Almost everyone agrees that exercise is good for us. It’s good for our hearts, our bones and our waistlines. It’s even good for our mental health. As farmers, we tend to have a lot of physical activity involved in our day-to-day activities around the barn and in the fields. It makes us tired, but it doesn’t necessarily make us fit. Fitness requires aerobic exercise that keeps our heart rate up over a period of time — rather than walking or lifting in fits and starts like farmwork often requires.
During the years when I had a desk job, I went to a gym twice a week after work to take step aerobics classes before returning home to do farm chores. Those workouts to music actually boosted my energy level after a day often spent sitting behind a desk staring at a computer screen. I looked forward to those classes, but the farmer in me never really liked going inside a building and being cooped up to get my exercise fix. That’s why I always looked forward to warmer weather, when I could hop on my bicycle for some exercise in the fresh air.
In my younger days, I rode my bike on less-traveled back roads several nights a week after my chores were completed. It was a great way to de-stress and drink in the countryside as I pedaled along, without really feeling like I was working hard to get my exercise.
Times change, and those country roads are no longer the relaxing byways they once were. The increasing number of vehicles on these rural roads along with their increasing speeds started making biking on them risky business. That’s about the time that Dennis and I began exploring the Pine Creek Rail Trail near his hunting camp in northcentral Pennsylvania. The trail is 62 miles long, running between Ansonia and Jersey Shore through two state forests. Pedaling alongside the babbling creek and crossing over it multiple times on old rail bridges is a treat. We’ve never ridden from end to end, but have traveled a number of its sections on foot and by bike.
Closer to home, I’ve also discovered the pleasures of the Lebanon Valley Rails to Trails. Its recent extension northward runs within a mile from our farm and it’s been a great place to hike even when it’s too cold and snowy to bike. A friend and I like to hop on the trail near the Lebanon Valley Exposition Center and head southeast through Cornwall, Mount Gretna, Colebrook and Lawn. Sometimes we’ve even continued onto Lancaster County’s Conewago Trail, which connects with the LVRT.
Union Canal Bicycle and Walking Trail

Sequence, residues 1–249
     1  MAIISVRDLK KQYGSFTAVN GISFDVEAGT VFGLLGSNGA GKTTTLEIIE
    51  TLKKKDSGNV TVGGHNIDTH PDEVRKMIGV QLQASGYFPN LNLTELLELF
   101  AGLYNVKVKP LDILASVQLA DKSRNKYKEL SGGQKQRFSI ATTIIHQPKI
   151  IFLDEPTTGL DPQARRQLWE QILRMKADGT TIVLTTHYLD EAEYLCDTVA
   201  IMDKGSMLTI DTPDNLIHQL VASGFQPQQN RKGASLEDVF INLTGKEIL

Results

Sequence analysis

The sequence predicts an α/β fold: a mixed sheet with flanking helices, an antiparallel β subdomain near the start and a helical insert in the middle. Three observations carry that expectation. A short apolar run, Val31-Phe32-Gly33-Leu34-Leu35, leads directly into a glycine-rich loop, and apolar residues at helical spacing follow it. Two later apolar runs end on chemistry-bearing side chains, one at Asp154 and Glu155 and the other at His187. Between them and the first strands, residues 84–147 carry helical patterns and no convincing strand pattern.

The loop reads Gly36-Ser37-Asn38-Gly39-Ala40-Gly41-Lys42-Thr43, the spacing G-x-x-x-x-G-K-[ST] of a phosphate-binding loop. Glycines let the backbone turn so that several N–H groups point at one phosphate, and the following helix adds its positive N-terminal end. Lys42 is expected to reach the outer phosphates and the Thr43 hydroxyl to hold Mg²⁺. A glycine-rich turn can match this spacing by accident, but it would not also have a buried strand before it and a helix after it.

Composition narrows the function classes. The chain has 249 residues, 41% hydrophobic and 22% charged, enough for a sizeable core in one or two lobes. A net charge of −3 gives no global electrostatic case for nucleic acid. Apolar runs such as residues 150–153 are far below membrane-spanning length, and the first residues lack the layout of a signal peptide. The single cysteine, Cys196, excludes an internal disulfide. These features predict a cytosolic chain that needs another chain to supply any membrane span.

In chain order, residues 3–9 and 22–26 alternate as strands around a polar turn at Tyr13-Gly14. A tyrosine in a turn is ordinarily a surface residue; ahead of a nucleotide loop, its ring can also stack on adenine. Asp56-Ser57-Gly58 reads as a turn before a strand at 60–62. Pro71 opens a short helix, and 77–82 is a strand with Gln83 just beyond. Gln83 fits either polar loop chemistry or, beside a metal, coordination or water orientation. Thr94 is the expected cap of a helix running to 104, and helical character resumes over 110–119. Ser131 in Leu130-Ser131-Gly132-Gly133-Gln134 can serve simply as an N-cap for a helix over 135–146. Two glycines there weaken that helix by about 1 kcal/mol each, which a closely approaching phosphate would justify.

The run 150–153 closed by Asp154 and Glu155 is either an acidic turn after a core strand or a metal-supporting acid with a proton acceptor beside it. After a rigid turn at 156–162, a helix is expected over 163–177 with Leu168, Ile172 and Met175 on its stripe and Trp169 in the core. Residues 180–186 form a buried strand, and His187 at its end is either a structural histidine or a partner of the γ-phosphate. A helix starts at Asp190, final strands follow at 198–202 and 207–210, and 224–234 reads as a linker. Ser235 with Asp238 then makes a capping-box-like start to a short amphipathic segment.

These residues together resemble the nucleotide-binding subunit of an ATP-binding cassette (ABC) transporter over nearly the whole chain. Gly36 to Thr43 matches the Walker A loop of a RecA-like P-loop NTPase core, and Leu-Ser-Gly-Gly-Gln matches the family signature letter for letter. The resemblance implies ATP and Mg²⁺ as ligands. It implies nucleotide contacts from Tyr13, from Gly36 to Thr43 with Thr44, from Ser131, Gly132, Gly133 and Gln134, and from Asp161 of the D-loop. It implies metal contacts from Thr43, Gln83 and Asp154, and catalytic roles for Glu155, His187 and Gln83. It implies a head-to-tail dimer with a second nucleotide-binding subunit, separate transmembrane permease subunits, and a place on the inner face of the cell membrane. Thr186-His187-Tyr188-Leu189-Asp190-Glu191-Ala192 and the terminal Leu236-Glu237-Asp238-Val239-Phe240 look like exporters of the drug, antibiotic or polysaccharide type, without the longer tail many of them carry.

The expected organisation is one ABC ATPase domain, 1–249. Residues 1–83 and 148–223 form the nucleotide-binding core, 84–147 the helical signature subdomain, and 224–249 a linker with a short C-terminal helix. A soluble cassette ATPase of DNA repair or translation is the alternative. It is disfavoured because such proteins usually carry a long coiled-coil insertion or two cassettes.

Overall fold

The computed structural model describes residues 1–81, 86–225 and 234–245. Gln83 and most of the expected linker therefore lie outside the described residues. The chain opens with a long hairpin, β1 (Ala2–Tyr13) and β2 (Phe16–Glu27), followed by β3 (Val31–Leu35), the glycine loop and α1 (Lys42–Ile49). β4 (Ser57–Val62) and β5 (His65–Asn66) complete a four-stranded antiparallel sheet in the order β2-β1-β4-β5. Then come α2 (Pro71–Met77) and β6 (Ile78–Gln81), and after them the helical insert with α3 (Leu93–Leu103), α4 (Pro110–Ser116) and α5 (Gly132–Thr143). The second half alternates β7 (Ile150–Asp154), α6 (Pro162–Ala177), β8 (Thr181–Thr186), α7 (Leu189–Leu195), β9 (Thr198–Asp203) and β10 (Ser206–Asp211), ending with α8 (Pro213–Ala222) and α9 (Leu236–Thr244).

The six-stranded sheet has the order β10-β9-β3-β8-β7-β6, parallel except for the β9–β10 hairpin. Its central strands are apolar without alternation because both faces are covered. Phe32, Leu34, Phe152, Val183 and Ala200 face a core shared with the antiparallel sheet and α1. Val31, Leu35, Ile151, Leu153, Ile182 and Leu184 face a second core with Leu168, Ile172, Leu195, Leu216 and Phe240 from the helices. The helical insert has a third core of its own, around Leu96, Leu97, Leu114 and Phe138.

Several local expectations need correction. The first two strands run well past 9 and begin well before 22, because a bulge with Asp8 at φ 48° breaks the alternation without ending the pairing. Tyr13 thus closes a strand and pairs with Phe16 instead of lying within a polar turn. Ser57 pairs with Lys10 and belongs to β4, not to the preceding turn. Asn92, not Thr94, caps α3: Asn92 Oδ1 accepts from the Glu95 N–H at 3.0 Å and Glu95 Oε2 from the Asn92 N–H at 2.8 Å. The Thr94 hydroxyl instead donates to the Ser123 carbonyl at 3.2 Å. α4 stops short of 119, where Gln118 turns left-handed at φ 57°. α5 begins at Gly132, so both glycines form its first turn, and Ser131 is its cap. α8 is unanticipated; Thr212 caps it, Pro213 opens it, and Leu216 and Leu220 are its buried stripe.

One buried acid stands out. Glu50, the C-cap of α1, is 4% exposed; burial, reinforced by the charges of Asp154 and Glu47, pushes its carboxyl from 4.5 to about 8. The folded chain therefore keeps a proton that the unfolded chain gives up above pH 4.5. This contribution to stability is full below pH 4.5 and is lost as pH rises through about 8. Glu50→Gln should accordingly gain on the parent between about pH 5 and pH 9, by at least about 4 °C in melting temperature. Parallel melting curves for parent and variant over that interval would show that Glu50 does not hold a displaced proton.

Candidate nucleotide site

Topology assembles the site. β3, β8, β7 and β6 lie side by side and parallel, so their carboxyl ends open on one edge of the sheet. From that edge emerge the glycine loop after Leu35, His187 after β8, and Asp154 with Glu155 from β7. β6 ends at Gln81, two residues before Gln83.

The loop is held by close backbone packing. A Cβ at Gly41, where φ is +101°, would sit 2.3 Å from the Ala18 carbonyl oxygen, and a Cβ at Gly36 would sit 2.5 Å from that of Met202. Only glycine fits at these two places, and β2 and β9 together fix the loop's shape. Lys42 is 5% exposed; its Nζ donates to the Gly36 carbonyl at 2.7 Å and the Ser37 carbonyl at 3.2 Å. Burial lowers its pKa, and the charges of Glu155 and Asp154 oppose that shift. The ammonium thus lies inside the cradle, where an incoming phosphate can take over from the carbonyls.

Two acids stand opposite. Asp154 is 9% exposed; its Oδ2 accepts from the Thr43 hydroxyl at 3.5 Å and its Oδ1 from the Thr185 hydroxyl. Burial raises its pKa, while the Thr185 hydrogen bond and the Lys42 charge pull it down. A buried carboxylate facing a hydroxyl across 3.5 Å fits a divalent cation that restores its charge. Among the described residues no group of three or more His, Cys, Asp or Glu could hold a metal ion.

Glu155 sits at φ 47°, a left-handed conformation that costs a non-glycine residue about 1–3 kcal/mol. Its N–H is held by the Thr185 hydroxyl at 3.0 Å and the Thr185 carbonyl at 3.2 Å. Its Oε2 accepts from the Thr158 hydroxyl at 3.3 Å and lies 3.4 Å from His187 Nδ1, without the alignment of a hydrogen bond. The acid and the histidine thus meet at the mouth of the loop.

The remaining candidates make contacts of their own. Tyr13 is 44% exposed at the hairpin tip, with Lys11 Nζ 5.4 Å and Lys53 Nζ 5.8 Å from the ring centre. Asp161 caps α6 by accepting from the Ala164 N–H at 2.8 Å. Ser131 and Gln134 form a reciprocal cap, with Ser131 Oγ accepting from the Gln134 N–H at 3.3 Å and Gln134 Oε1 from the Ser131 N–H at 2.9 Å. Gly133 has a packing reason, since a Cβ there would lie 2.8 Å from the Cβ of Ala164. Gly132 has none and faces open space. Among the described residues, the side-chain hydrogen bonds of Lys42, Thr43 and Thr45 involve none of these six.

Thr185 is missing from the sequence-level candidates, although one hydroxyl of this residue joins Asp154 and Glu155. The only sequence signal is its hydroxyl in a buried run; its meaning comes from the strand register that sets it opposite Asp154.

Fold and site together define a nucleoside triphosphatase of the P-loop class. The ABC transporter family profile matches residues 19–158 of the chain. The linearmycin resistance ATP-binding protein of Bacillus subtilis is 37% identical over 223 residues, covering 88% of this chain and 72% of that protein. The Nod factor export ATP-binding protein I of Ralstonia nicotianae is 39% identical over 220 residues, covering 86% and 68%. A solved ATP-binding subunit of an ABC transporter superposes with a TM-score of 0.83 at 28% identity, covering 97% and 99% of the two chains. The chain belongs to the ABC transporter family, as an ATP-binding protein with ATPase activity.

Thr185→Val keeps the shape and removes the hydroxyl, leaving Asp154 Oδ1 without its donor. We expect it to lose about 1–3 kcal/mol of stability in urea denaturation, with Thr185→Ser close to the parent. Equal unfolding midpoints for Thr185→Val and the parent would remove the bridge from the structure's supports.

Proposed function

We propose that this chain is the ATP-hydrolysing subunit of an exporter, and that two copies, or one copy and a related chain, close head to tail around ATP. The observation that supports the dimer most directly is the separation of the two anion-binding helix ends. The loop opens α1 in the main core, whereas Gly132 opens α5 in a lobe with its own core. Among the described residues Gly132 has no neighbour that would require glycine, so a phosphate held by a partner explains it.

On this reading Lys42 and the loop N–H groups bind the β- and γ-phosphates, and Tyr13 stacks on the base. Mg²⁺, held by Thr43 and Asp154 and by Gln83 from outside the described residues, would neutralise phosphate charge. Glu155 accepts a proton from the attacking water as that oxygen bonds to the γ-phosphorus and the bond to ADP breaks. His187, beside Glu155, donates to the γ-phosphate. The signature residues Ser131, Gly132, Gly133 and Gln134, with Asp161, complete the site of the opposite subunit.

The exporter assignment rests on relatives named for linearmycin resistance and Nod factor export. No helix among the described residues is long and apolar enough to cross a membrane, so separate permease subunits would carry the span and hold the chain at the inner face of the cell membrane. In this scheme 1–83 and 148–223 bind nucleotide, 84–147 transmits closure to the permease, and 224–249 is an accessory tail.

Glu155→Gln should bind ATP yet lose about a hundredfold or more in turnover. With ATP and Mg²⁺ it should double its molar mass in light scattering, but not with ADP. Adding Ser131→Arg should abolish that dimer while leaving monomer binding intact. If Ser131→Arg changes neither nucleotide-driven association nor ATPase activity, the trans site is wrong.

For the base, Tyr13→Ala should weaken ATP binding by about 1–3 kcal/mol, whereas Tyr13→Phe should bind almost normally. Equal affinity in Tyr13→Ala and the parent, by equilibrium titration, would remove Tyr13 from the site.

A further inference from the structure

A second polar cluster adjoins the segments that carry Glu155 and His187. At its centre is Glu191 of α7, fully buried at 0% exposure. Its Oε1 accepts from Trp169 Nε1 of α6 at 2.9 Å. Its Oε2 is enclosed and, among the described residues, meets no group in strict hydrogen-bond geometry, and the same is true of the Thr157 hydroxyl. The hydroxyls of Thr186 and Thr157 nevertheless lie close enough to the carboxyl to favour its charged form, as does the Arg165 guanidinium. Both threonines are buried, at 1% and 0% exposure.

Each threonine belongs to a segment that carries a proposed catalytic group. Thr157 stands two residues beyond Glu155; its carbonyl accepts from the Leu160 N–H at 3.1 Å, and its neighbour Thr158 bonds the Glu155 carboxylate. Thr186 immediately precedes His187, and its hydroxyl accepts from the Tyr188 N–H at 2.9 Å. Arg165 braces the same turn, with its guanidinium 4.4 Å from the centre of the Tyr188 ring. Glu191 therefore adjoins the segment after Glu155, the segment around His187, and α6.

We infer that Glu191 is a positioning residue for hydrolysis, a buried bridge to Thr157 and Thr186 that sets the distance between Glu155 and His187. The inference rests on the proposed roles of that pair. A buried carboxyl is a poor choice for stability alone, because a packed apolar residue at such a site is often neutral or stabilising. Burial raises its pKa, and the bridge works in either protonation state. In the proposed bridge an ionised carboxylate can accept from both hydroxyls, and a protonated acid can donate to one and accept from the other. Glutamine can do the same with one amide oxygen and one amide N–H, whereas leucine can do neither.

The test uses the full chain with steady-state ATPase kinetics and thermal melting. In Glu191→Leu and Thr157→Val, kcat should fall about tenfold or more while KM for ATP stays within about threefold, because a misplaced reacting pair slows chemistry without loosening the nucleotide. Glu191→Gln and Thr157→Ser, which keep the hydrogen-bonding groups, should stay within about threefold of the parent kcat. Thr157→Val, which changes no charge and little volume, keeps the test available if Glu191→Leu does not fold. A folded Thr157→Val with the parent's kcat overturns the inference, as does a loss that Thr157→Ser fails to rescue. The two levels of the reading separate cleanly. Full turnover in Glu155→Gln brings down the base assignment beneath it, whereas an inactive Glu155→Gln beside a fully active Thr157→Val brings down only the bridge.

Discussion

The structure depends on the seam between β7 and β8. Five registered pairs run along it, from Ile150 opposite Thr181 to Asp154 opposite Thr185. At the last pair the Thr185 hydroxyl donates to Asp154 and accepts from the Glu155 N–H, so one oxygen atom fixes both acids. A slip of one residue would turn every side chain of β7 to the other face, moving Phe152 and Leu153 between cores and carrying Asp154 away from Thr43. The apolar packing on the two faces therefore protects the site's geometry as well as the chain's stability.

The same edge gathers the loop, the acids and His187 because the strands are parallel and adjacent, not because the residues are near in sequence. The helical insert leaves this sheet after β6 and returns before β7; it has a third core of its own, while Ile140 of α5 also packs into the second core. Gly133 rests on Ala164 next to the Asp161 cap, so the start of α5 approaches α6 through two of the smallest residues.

I recently stumbled upon another great place for enjoying hiking, biking and local history — a favorite subject of mine. Berks County’s Union Canal Bicycle and Walking Trail (UCBWT) follows the canal’s former towpath alongside the scenic Tulpehocken Creek before it empties into the Schuylkill River. I came upon this trail while driving in that area, but I’ve studied up on it and have added it to my bucket list for this summer.
Although located surprisingly close to modern civilization with busy roads and shopping malls, this hidden gem packs a lot of history into its 4.5-mile stretch along the creek — and offers a 1.8-mile link to the 30-mile trail system at nearby Blue Marsh Lake.
Before railroads made it obsolete, the Union Canal transported cargo from 1827 to 1884, connecting the Susquehanna River near Harrisburg to the Schuylkill River at Reading. UCBWT’s length includes the remains of stone, lift locks No. 47 (now restored) through No. 52, where water levels were once raised or lowered to enable canal barges to navigate this waterway.
UCBWT is anchored at its southeast end by Stonecliffe Park, near a weigh station that once assessed the canal’s tolls. While in this area, seek out the nearby Stoltzfus Homestead, once the home of Nicholas Stoltzfus, the forefather in America of those with his surname. His mid-18th century limestone home has been restored by Stoltzfus descendants.
Heading upstream, be on the lookout for Gring’s Mill Park, which includes the grist mill once operated by the Gring family. Their circa-1826 barn is now a visitors center.
Just over a mile beyond Gring’s Mill is the Berks County Heritage Center. It encompasses a treasure trove of history including the 1882 Gruber Wagon Works, Melcher’s Grist Mill and the C. Howard Hiester Canal Center, which tells the story of the Union Canal via the largest private collection of 19th century canal artifacts in America.
Near the heritage center stands Wertz’s Covered Bridge, built in 1867. Also known as the Red Covered Bridge, its 204-foot span makes it the longest single-span covered bridge surviving in Pennsylvania.
Just before the UCBWT ends at its connecting link to the Blue Marsh Lake trails, are the former sites of Reber’s Grist Mill and Reber’s Covered Bridge, dating from 1760 and 1837, respectively.
If the Union Canal Bicycle and Walking Trail sounds interesting to you, too, visit www.countyofberks.com/parks or call 610-372-8939 for further details.